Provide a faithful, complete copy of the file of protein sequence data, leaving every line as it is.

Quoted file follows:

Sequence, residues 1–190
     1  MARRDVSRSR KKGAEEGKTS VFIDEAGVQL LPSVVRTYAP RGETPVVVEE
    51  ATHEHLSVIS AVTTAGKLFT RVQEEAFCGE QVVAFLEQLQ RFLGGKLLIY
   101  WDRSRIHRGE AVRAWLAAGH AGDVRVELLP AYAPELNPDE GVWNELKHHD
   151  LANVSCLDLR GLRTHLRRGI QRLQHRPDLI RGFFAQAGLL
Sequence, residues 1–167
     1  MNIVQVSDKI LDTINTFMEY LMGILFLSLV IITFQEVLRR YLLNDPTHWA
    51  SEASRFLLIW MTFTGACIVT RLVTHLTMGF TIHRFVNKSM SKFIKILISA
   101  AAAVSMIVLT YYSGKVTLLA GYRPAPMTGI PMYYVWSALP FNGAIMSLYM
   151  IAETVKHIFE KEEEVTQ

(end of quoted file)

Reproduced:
Sequence, residues 1–190
     1  MARRDVSRSR KKGAEEGKTS VFIDEAGVQL LPSVVRTYAP RGETPVVVEE
    51  ATHEHLSVIS AVTTAGKLFT RVQEEAFCGE QVVAFLEQLQ RFLGGKLLIY
   101  WDRSRIHRGE AVRAWLAAGH AGDVRVELLP AYAPELNPDE GVWNELKHHD
   151  LANVSCLDLR GLRTHLRRGI QRLQHRPDLI RGFFAQAGLL
Sequence, residues 1–167
     1  MNIVQVSDKI LDTINTFMEY LMGILFLSLV IITFQEVLRR YLLNDPTHWA
    51  SEASRFLLIW MTFTGACIVT RLVTHLTMGF TIHRFVNKSM SKFIKILISA
   101  AAAVSMIVLT YYSGKVTLLA GYRPAPMTGI PMYYVWSALP FNGAIMSLYM
   151  IAETVKHIFE KEEEVTQ